If you have looked at the most recent $20 bills from the U.S. Bureau of Engraving and Printing, you know that they have an army of security features designed to make counterfeiting more difficult. The most obvious of these features is the "20" in the lower right corner written in color-change ink, which will change color from copper to green when the bill is tilted. There's also a security thread embedded in the paper to the left of Andrew Jackson that is visible if you hold the bill up to the light. It reads "USA TWENTY" and includes a small flag. Other features include micro-writing, a watermark, which shows a faint image of Andrew Jackson to the right of the portrait, and very closely spaced lines (for example, behind Jackson's face) that are harder for a counterfeiter to reproduce.
All of these features are nice, but no store clerk is going to stand and hold each $20, $50 or $100 bill he or she receives up to the light to check for a security strip. It simply takes too long — much faster and easier to make a pen mark and instantly see if it changes color. If it does, the bill in question is, indeed, counterfeit.
The counterfeit detector pen solves the biggest counterfeiting threat today. It used to be that a counterfeiting operation used expensive presses and special inks and papers to create exact duplicates of the bills. Today, the threat is much more mundane — people with color copiers and color printers try to create passable facsimiles of a bill. They are not trying to make an exact copy. They are trying to create something close enough that people won't notice anything if they give the bill a passing glance. These folks are not particularly careful or meticulous, so they copy or print onto normal, wood-based paper.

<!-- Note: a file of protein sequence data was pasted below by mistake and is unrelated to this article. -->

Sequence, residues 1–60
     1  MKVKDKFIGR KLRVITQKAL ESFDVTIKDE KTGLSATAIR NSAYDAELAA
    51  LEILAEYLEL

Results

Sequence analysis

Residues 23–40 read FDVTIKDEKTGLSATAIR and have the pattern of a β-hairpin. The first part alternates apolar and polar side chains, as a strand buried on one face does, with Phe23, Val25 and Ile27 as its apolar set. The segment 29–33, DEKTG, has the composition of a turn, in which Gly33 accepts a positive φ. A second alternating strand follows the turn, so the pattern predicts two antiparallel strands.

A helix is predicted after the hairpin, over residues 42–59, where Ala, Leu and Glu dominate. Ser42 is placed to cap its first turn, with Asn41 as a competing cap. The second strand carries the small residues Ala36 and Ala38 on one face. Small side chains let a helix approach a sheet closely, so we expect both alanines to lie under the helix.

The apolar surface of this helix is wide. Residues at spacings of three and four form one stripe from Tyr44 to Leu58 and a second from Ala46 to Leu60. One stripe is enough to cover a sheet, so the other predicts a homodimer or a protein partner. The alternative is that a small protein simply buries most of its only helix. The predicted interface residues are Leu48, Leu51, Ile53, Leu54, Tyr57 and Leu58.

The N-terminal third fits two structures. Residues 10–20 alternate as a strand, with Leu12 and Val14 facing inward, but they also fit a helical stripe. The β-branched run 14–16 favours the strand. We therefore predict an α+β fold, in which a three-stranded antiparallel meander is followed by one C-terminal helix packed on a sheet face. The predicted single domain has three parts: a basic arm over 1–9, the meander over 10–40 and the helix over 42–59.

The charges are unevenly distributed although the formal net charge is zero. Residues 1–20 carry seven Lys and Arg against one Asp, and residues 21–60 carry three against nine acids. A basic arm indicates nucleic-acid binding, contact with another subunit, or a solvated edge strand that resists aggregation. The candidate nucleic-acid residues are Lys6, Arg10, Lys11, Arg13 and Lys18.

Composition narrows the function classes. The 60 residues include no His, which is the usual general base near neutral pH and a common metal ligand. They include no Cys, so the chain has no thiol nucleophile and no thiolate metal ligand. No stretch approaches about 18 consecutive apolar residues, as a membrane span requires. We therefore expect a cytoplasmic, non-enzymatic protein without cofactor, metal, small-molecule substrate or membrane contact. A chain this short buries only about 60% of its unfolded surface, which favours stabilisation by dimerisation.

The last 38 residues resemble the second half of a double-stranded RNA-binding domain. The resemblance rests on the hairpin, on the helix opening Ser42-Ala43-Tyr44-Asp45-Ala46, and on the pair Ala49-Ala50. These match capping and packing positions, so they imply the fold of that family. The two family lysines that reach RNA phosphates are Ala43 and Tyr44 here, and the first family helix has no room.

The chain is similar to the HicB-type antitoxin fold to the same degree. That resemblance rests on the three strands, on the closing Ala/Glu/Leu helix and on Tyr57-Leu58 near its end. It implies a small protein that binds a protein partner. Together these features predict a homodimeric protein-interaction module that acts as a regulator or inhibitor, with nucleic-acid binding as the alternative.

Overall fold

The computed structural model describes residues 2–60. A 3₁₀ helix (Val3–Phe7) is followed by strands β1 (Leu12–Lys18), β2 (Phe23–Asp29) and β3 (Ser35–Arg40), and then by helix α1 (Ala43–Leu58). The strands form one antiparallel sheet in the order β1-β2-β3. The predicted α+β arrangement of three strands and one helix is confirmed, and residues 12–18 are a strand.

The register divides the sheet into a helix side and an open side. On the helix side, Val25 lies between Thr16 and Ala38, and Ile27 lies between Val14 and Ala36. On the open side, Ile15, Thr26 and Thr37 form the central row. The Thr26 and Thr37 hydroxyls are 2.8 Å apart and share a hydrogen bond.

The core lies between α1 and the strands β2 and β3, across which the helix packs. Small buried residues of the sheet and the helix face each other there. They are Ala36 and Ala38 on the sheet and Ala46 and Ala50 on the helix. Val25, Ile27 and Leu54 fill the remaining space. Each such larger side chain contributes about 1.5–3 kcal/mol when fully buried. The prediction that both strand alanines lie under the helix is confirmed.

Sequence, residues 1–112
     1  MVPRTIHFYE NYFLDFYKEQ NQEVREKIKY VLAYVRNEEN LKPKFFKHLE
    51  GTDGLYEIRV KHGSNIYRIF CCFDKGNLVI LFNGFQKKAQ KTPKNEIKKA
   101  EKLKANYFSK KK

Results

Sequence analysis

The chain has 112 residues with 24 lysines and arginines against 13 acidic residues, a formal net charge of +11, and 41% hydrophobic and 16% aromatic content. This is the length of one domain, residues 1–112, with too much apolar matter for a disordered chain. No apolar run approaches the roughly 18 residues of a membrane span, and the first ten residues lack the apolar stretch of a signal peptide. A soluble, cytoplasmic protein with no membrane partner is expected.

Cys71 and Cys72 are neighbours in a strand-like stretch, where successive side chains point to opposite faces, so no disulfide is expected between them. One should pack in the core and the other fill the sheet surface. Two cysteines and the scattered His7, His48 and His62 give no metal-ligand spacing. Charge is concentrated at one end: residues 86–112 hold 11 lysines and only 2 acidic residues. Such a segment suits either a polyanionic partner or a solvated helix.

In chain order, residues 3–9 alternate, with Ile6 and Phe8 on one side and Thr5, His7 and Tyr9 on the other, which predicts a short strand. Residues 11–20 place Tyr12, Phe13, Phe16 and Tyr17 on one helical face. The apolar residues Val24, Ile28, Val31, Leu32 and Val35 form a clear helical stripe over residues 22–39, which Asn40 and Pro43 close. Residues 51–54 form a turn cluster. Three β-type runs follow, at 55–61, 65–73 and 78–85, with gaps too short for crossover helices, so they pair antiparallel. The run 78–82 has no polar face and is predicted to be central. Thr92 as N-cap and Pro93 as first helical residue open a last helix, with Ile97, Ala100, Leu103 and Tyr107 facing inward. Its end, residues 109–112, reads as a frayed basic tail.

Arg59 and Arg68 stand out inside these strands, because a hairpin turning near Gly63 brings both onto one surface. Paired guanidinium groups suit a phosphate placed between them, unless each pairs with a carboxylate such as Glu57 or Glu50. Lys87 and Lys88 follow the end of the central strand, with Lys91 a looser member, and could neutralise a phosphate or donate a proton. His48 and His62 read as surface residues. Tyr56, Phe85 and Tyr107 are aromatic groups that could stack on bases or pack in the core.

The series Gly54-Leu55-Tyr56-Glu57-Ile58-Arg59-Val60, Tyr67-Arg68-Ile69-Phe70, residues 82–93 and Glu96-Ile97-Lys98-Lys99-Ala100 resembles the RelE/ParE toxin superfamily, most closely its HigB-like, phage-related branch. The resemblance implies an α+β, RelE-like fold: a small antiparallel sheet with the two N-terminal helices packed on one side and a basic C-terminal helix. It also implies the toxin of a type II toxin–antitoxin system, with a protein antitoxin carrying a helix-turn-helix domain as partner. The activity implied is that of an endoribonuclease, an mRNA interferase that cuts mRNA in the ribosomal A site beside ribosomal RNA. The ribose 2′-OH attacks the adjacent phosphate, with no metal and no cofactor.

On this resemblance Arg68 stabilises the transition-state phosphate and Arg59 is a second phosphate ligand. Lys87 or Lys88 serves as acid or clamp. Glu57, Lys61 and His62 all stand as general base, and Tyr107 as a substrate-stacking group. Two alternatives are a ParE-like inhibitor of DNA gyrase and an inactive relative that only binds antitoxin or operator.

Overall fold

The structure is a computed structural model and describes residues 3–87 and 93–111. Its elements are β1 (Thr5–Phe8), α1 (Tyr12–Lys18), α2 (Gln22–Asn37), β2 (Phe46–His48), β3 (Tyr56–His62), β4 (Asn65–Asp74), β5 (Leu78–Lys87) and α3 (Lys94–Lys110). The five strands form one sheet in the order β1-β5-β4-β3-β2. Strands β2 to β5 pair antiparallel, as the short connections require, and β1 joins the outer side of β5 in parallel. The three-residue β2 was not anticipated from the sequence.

The counterfeit detector pen is extremely simple. It contains an iodine solution that reacts with the starch in wood-based paper to create a black, dark blue or brown stain. When the solution is applied to the fiber-based paper used in real bills, no discoloration occurs and the mark will remain pale yellow. The pen provides an easy and fast way to detect bills printed on normal copier paper instead of the fine papers used by the U.S. Treasury.
Is the Pen Foolproof?
Of course, counterfeiters will go to great lengths to try to fool simple technologies like the detector pen, since getting their hands on the type of starch-free paper used by the U.S. Bureau of Engraving and Printing isn't possible. One simple method is known as "bill bleaching," a process that nets the counterfeiter a blank piece of correctly sized currency paper which can then be overprinted with a higher denomination.
Here's how it works. The counterfeiter takes a real $5 bill and soaks it in a tray of heavy solvent, such as nail polish remover or another acetone chemical. This dissolves most of the ink, allowing the counterfeiter to then scrape off the rest with steel wool. The result is a blank piece of correctly sized currency paper which is then overprinted with a higher denomination, usually a $20, $50 or $100. The pen will therefore be fooled and detect that the doctored note is genuine currency.
So, while the counterfeit detector pen isn't a foolproof means of stopping counterfeiters, it is an easy tool for businesses to use as a first line of defense.
Originally Published: Apr 1, 2000